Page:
resourcestringA reference to the static resources entry that your content action wants to display. See resources for more details.
resolver{ function: string }Contains a function property, which references the function module that defines the configuration of resource. Can only be set if the module is using the resource property.
viewportSize'small', 'medium', 'large' or 'xlarge'The display size of resource. Can only be set if the module is using the resource property.
titlestringYesThe title of the content action, which is displayed as a menu item.
descriptionstringThe description of the content action.

Confluence content byline item

The confluence:contentBylineItem module adds an entry to the content byline section, which is the part of the content under the title that includes metadata about contributors and more. The title, icon, and tooltip of the module render together as a list item.

In the app, the ContentBylineItem should be used along with InlineDialog UI kit components.

Properties

PropertyTypeRequiredDescription
key

string

Yes

A key for the module, which other modules can refer to. Must be unique within the manifest.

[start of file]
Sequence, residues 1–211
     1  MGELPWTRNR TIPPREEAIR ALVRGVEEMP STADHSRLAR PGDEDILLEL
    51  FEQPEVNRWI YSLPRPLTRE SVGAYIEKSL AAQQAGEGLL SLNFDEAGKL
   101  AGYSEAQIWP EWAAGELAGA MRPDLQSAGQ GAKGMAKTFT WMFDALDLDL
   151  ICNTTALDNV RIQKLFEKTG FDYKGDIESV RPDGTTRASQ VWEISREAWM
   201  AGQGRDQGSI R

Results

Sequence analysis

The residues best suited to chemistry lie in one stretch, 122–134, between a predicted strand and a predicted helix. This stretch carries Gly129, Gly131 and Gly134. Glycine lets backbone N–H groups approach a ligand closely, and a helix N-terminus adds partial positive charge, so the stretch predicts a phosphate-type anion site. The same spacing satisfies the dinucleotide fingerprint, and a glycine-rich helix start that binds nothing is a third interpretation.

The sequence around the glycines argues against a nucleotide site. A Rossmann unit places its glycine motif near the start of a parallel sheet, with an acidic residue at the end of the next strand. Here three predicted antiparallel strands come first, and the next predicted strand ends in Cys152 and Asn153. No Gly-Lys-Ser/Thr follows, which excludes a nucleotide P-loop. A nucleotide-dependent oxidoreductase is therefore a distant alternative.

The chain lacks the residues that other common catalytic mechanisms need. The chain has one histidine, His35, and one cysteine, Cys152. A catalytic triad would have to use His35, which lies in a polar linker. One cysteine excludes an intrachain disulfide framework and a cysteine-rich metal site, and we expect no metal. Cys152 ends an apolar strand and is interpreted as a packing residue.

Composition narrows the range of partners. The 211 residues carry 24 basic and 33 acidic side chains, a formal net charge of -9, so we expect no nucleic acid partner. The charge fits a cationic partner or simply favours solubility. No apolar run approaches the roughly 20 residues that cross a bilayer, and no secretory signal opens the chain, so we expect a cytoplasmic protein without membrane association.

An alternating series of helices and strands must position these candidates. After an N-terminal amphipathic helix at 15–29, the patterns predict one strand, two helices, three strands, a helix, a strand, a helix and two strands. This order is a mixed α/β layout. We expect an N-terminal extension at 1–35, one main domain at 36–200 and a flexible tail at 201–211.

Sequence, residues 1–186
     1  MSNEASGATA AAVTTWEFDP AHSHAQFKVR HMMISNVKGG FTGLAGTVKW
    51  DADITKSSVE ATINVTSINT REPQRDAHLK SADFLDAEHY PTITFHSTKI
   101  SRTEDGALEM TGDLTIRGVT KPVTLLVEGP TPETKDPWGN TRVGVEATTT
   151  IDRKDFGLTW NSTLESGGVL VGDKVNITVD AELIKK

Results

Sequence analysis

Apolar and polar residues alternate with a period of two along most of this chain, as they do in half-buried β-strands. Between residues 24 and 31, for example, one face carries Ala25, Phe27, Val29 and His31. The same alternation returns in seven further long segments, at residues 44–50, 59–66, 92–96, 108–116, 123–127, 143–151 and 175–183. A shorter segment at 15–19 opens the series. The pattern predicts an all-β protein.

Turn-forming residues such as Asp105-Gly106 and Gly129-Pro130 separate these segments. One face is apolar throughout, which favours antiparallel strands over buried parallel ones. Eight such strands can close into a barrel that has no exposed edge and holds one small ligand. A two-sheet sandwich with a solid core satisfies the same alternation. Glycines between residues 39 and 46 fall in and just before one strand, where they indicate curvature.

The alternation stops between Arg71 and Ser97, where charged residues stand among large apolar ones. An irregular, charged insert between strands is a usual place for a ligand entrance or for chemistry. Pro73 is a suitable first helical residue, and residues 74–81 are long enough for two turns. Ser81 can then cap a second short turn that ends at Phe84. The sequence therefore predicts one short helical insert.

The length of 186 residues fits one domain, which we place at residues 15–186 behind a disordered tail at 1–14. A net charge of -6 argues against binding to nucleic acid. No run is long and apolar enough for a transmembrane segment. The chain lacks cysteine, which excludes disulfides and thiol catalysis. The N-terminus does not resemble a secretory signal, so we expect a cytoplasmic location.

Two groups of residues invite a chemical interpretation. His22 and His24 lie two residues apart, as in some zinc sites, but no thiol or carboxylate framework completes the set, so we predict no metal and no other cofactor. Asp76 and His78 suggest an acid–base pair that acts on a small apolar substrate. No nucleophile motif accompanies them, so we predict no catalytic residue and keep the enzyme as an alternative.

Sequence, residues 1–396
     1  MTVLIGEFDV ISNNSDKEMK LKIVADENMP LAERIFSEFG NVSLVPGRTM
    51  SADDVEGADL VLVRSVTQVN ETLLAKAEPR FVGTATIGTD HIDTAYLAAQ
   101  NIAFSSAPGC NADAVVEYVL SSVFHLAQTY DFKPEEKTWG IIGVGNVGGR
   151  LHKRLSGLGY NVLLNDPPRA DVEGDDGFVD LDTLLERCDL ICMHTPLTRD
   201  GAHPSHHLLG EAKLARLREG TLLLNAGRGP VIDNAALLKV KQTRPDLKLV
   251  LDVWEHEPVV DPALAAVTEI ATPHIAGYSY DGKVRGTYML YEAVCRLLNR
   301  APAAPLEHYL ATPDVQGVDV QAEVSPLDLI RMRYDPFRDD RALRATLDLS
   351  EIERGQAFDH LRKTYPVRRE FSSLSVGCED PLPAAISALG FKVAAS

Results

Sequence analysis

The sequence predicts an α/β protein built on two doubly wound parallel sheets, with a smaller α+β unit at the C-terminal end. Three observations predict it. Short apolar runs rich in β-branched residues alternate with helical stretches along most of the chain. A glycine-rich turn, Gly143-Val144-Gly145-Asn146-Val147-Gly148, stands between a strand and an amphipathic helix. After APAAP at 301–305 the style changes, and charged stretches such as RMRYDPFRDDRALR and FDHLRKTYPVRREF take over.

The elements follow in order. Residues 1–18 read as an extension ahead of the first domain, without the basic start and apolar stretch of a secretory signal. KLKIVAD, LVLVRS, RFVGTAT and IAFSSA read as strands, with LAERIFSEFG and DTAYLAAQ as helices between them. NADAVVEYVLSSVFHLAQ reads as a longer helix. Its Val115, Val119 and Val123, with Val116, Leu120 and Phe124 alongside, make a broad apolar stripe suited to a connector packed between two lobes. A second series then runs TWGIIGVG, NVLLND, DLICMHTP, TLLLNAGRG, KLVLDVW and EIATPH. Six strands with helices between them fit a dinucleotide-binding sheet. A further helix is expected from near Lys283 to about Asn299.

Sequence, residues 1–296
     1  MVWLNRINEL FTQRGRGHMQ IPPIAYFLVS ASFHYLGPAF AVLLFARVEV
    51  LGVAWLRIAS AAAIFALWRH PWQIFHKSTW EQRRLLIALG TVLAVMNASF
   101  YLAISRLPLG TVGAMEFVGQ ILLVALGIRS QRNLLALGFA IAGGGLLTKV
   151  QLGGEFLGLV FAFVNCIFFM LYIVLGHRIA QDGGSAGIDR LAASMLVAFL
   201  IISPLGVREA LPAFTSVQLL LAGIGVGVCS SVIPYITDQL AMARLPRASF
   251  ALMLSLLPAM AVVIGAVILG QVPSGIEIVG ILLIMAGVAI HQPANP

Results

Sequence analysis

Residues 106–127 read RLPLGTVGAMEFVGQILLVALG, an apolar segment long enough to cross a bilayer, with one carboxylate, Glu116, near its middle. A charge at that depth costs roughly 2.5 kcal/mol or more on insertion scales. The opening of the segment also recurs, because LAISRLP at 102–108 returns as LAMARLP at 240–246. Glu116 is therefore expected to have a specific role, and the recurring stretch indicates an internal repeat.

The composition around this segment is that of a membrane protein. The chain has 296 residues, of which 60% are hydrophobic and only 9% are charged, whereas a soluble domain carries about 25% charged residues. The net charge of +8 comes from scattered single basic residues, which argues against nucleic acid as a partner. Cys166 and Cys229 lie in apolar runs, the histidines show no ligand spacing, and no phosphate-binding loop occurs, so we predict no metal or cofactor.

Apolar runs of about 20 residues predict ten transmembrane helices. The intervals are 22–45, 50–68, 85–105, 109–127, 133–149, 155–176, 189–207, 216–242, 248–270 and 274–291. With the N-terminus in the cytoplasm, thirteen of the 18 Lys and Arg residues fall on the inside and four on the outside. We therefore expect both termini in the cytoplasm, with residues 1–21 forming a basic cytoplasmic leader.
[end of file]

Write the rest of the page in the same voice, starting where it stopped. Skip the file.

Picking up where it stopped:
Regex: ^[a-zA-Z0-9_-]+$

functionstringThe content byline item module requires either a function for usage with the UI kit, or a resource when building with custom UI.A reference to the function module that defines the content byline item.
resourcestringA reference to the static resources entry that your content byline item wants to display. See resources for more details.
resolver{ function: string }Contains a function property, which references the function module that defines the configuration of resource. Can only be set if the module is using the resource property.
viewportSize'small', 'medium' or 'large'The display size of resource. Can only be set if the module is using the resource property.
titlestringYesThe title of the content byline item, which is displayed as a list item.
iconstring

The URL of the icon that's displayed as an icon next to the link title. A generic app icon is displayed if no icon is provided, or if there’s an issue preventing the icon from loading.

tooltipstringThe tooltip of the content byline item, which is displayed on hover.
descriptionstringThe description of the content byline item.
dynamicProperties{ function: string }Contains a function property, which references the function module that defines the configuration of resource. See Dynamic properties for more details.

Dynamic properties

Dynamic properties are used to dynamically update the title, icon, or tooltip properties of the confluence:contentBylineItem module. If provided in the manifest.yml file, Confluence attempts to retrieve the dynamic properties on the initial render of the app. To do this, the dynamicProperties handler function of the app is called. When the content byline item is clicked, the app renders in a dialog, where it can perform business logic updates. After the dialog is closed, the handler function is again called to retrieve updates, and then update the title, icon, or tooltip.